A few days ago was “National Peanut Butter & Jelly Day” (although I’m not sure who proclaims some of the ‘national days’ I’ll be blogging about).  Teresa Williford, my baker bud and friend from down the road in Elm City quickly jumped at my invite to create something reallll good to celebrate the day.  She recently created another fun recipe featuring Lizard Lick Towing Company’s (and TV Show) new BBQ Sauce, but since we’ll be publishing that soon in a magazine along with a few I stirred up myself, we’ll save that surprise… but what she came up with for that was simply unbelievable!  Stay tuned for that…

So back to PB&J Day…. Teresa sent me several yummy recipes and it was hard deciding on which one(s) to share… so I narrowed down to my two favs.  I surely hope y’all will try one or both of these and also, please give Teresa some feedback below in the comments section… and if you like the looks of either (or both), be sure to click that little Facebook button to share on your FB page.  If you are in this neck of the woods and need an outside-the-box OR traditional baked goods, contact Teresa at twilliford7@nc.rr.com!

THANK YOU Teresa!  I’m sure everbody else will join me in welcoming you and will be looking forward to more wondermous recipes from you too…

PB&J Fudge

1 lb of confectioners’ sugar
1/2 tsp salt
1/4 cup milk
1 tsp vanilla extract
3/4 cup peanut butter
1/4 cup jelly or jam
3/4 stick of butter, cubed

Sift the confectioners’ sugar and salt together in a microwavable bowl. Add milk, vanilla, peanut butter and jelly and butter cubes. Blend until mixed together. Microwave on high for 1 minute, stir. *Microwave an additional minute and stir until smooth. Pour into wax paper lined 8 inch square dish. Refrigerate until cool and solid. Best if it sits overnight.

*  Watch carefully and adjust time based on wattage of your microwave.
** If you want to make it chocolate, sift 1/2 cup of cocoa in with the sugar and salt.

PB&J Pop tarts

For pastry:

1 Box of Puff Pastry
1 egg, lightly beaten
6 TBS jam (I used grape jam)
6 TBS peanut butter

Vanilla Glaze:

1 cup confectioners’ sugar
1/4 tsp vanilla extract
2 TBS milk or water
Rainbow sprinkles (optional)

Preheat oven to 350 degrees F.

Take pastry out of freezer and let it sit on counter for about 30 minutes or until pliable. Roll both sheets out on lightly floured counter, enough to get about 6 card size rectangles. Brush one sheet with the beaten egg. Score the egg washed sheet into 6 rectangles.  Spoon 1 TBS of peanut butter and 1 TBS of jam in each rectangle. Put the other sheet over the egg washed one and press down to make the 6 rectangles. Using a sharp knife or pizza cutter, cut out the rectangles and press around edges to seal. Place the rectangles, spaced, on a baking sheet. Put in freezer for 10 minutes.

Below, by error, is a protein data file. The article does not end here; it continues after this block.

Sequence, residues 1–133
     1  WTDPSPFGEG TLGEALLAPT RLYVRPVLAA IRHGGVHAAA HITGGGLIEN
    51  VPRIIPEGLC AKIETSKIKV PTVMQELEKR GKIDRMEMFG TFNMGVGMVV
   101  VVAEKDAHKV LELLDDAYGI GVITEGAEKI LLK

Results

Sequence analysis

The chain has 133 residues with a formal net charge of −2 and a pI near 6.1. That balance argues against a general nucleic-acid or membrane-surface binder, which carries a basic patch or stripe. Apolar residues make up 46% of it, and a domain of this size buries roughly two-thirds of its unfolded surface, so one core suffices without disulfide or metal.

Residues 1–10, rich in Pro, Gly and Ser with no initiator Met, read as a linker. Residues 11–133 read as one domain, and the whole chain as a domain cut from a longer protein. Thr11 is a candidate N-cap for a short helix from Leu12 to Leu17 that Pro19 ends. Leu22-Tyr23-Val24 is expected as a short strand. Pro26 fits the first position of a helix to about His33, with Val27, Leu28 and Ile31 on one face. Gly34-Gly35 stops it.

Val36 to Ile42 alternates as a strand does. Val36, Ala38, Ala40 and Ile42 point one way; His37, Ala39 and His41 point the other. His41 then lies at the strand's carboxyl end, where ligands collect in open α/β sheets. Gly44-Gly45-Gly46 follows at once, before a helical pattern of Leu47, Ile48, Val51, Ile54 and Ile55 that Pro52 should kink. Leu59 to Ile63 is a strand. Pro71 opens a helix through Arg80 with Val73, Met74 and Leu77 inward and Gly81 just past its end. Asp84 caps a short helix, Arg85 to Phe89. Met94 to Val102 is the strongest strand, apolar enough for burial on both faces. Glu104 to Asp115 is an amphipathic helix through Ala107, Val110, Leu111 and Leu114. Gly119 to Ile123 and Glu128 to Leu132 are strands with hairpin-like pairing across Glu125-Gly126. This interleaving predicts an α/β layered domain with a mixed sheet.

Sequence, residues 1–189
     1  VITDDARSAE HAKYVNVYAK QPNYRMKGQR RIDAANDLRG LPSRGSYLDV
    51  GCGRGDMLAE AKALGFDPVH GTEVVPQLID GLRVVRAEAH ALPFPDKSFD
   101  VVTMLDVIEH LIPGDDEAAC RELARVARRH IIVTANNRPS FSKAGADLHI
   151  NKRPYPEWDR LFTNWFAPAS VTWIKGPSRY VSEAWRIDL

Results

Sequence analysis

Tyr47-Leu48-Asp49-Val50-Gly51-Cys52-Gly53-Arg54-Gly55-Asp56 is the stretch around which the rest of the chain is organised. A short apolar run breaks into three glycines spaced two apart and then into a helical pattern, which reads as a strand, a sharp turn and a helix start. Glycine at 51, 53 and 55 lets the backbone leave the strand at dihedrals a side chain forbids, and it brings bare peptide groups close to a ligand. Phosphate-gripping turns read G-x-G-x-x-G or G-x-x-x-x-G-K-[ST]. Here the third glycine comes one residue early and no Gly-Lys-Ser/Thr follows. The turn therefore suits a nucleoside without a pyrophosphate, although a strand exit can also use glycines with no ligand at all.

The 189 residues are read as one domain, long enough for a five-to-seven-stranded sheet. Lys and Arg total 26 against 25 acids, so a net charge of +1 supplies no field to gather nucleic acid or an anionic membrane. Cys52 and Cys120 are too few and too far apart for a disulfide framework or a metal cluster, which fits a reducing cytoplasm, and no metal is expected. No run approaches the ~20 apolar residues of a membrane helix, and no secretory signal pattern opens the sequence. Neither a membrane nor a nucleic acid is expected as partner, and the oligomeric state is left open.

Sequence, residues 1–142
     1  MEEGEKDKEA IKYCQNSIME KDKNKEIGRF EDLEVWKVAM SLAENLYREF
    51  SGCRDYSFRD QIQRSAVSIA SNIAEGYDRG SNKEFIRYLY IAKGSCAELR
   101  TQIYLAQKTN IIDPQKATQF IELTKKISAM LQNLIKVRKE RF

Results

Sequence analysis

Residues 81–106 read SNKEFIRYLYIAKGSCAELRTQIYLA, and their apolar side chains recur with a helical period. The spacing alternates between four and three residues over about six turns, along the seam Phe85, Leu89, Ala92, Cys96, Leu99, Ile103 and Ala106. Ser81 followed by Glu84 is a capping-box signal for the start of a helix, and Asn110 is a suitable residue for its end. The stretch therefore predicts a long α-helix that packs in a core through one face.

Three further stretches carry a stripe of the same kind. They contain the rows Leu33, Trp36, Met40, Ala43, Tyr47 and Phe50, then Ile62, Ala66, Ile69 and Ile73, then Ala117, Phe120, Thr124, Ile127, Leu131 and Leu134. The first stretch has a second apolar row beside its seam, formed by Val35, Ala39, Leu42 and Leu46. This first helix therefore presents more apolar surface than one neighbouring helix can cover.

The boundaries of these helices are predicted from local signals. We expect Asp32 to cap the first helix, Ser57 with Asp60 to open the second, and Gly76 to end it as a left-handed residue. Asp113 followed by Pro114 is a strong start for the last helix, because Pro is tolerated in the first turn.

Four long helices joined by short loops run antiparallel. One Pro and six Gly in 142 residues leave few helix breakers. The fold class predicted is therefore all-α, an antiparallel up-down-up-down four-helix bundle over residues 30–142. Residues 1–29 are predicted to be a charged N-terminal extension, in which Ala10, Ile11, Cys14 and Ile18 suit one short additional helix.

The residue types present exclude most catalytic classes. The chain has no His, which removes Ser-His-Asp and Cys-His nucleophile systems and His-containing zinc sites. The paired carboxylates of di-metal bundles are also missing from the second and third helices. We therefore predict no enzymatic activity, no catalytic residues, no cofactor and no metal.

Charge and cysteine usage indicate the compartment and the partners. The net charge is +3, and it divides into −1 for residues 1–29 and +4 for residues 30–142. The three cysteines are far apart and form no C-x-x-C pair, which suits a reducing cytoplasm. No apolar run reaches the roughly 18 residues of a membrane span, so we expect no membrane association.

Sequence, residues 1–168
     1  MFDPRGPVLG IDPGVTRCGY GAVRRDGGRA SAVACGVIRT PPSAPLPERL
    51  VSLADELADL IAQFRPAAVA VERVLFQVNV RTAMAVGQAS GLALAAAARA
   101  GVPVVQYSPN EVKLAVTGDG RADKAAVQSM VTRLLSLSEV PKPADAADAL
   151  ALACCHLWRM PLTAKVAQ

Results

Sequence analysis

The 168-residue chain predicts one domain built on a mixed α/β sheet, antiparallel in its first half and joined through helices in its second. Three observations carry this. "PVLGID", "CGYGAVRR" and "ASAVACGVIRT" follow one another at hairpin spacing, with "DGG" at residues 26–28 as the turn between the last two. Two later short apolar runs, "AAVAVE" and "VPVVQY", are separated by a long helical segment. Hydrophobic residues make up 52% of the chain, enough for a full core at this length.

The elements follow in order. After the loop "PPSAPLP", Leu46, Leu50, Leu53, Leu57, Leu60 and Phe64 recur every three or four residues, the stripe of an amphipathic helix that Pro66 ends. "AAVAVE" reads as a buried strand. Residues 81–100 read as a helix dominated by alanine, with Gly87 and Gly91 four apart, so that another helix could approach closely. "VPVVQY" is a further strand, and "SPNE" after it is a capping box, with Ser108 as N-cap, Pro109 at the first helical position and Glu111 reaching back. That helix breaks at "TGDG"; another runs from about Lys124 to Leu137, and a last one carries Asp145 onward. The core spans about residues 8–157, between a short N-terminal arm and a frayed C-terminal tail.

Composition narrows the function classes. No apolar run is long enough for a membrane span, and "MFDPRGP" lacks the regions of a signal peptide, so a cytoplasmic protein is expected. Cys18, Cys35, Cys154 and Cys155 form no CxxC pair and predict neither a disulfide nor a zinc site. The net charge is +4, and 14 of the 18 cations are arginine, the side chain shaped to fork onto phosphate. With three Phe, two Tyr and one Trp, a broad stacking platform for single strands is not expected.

Take out of freezer and bake for 35 to 40 minutes, or until the tops of the pastries are golden brown. Let

cool on the baking sheet for 10 minutes and remove to a wire rack to cool for about 30 minutes.

When the pastries are cooled for 30 minutes, in a small bowl, whisk together the confectioners’ sugar, vanilla, and enough of the milk or water to make a smooth, pourable glaze. Pour or brush the tops with the glaze, then sprinkle with the rainbow sprinkles. Let them stand for 15 minutes so the glaze will set.

Store in an airtight container at room temperature for 2 days.

…and for you more advanced bakers out there ~

Note from Teresa… This Pâte Brisée recipe is from The Professional Pastry Chef. I bake by weight not measure, and have included both. Pâte Brisée is French for “short dough.”  This means it has a high fat to flour ratio making it nice and crumbly, flakey and rich!  It is said that if you only learn and make one pastry, this should be ‘it.’

Pâte Brisée

1 3/4 cups (245 grams) unbleached all purpose flour
1 TBS sugar
1/2 tsp kosher salt
1 cup (2 sticks/228 grams) cold unsalted butter, cubed
2 egg yolks
3 TBS cold milk

Using a stand mixer fitted with the paddle attachment, mix together the flour, sugar and salt for 15 seconds. Scatter the butter over the top and mix on low speed for 1 to 1 1/2 minutes, or just until the flour is no longer bright white and holds together when you clump it and the lumps of butter are visible throughout.